Football in Texas may forever be associated with Friday Night Lights, the Longhorns, Aggies, Dallas Cowboys or Houston Texans, but on Sunday night in early February, die-hard football fans and casual fans alike from around the globe will turn their focus to Houston, Texas, the sprawling metropolis along the Gulf Coast, for Super Bowl LI, the “First Super Bowl for the Next 50 Years.”
February 5 marks the third time that Houston has played host to the Super Bowl, but the preparation and buzz surrounding Super Bowl LI seems to be different than the others. Houston’s first Super Bowl was held in 1974 in Rice University Stadium, marking the first time a Super Bowl site was not that of an NFL franchise or the Los Angeles, Miami or New Orleans areas. Thirty years later in 2004, the city hosted its second Super Bowl in NRG Stadium (then referred to as Reliant Stadium), which was constructed in 2002 for the city’s new NFL franchise. Now, as Houston prepares for the 2017 Super Bowl, the buzz can be felt throughout the region, and the importance of this event seems to be far surpassing that of a championship football game.
Beneath the surface of all of the excitement, the Super Bowl and the 150,000 people the event is expected to bring to the Houston MSA are serving as a perfect impetus for the revitalization of Houston’s convention and central business district, primarily because the Super Bowl revenues are insignificant when compared to the potential business that Houston will be able to draw as a leading convention center in the U.S. In order to capitalize on everything that the Super Bowl can bring to a city, Houston has been focusing its efforts on improving hotel packages, attractions and activities and convention facilities throughout the city, as the period directly after the Super Bowl is just as important as before and during the Super Bowl.
Houston’s hotel market has long been in need of more rooms and newer product, and hosting the Super Bowl was more than enough motivation to start building. In Houston’s CBD alone (approximately six miles north of NRG Stadium), eight new hotels are slated for completion, bringing more than 2,650 new rooms to the market. The most notable of these being the $370 million development of the Marriott Marquis, which boasts 1,000 rooms, 100,000 square feet of meeting space, a sky bridge connection to the George R. Brown Convention Center and a Texas-shaped lazy river. It is also difficult to ignore the impact the Super Bowl can have on the pricing of hotel rooms, with Super Bowl premium pricing increasing average rates anywhere from 200 to 600 percent.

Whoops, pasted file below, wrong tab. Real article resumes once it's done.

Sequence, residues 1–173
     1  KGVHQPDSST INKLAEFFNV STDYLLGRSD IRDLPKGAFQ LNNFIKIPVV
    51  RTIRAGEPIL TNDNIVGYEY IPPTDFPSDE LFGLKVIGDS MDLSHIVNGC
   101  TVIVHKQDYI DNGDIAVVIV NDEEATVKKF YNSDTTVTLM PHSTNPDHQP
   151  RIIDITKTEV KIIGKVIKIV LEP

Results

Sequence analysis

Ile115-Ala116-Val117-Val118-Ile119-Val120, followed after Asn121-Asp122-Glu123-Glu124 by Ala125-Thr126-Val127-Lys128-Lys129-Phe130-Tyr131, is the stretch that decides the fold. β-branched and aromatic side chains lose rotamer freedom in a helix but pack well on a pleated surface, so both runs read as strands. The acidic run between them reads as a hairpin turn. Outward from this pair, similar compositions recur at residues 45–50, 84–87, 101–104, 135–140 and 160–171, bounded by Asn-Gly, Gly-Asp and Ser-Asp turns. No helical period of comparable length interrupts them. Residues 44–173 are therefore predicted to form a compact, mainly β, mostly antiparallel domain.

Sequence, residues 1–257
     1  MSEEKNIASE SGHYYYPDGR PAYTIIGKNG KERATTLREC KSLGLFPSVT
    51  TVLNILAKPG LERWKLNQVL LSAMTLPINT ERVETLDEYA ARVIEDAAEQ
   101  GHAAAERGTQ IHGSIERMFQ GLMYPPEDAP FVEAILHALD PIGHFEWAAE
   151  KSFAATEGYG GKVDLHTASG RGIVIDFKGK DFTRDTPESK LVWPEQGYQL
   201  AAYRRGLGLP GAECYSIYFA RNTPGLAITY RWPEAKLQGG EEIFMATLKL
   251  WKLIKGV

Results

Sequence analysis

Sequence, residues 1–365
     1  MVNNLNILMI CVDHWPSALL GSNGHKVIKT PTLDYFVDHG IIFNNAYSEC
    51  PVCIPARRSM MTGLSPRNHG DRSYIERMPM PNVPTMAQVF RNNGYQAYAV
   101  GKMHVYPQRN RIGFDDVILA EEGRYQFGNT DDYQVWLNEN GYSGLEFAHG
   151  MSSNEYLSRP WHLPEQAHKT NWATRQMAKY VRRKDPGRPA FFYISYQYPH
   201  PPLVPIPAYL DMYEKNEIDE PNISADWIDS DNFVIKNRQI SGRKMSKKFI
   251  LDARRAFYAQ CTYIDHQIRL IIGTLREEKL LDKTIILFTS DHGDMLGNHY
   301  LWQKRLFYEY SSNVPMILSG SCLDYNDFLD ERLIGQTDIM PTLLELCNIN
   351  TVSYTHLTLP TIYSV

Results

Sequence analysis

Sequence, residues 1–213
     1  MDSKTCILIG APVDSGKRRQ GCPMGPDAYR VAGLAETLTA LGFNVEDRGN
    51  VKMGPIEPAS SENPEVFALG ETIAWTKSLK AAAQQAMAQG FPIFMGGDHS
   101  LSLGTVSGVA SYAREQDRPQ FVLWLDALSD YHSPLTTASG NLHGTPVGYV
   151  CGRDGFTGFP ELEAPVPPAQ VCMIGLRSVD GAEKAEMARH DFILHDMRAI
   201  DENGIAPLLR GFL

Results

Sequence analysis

Whether you live in the CBD, one of Houston’s many suburban areas or are a first-time visitor to the city, the events leading up to the Super Bowl will afford multiple opportunities for fans to be a part of the action. The Touchdown Tour is the Houston Super Bowl Host Committee’s traveling celebration of football, with 11 stops throughout the greater Houston area featuring games, exhibits, appearances and other activities for all ages. Discovery Green Park in downtown Houston will be the site for Super Bowl LIVE, a 10-day fan festival featuring free concerts from music’s biggest names, including Houston natives ZZ Top; Houston’s acclaimed food scene; NFL experience fan games and a partnership with NASA to create a “future flight” exhibit. Houston’s George R. Brown Convention Center has also added a 97,000-square-foot plaza to its ground floor called Avenida Houston, which includes seven new restaurant concepts and art installations.
Houston’s convention center is located directly across the street from Discovery Green Park and has been a focus for revitalization over the past few years leading up to the Super Bowl. However, greater emphasis has been placed on increasing hotel supply, which includes increasing the meeting space being provided and improving attractions downtown. This will precede any major expansion of the convention center and will also have positive implications for office space and multifamily developments as more people relocate to Houston. There are more than $2.2 billion in new downtown construction projects – inclusive of hotel development – currently underway, with another $2 billion in pre-development/design and nearly one-third of these projects being residential developments.
Whether the approximately 80 players and coaches that will represent the Atlanta Falcons and the New England Patriots in Super Bowl LI know it or not, their game will create a significant impact on an entire region, the effects of which could last for decades to come. This game has become one of the greatest spectacles in modern sports garnering the attention of people around the world, and, frankly, it could not have come at a better time for the city of Houston.
Wesley Hightower is a Real Estate Analyst in the Houston office of HFF with more than four years of experience in commercial real estate and finance. He is primarily responsible for performing financial and market analysis, preparing offering documents and coordinating the due diligence process for the investment sales group. During his career, Mr. Hightower has been involved in excess of $1 billion in industrial, office and medical office transactions
Mr. Hightower joined the firm in January 2013. Prior to joining HFF, he worked at CMC Americas as a Business Data Analyst. Mr. Hightower is a graduate of Louisiana State University with a bachelor’s degree in economics.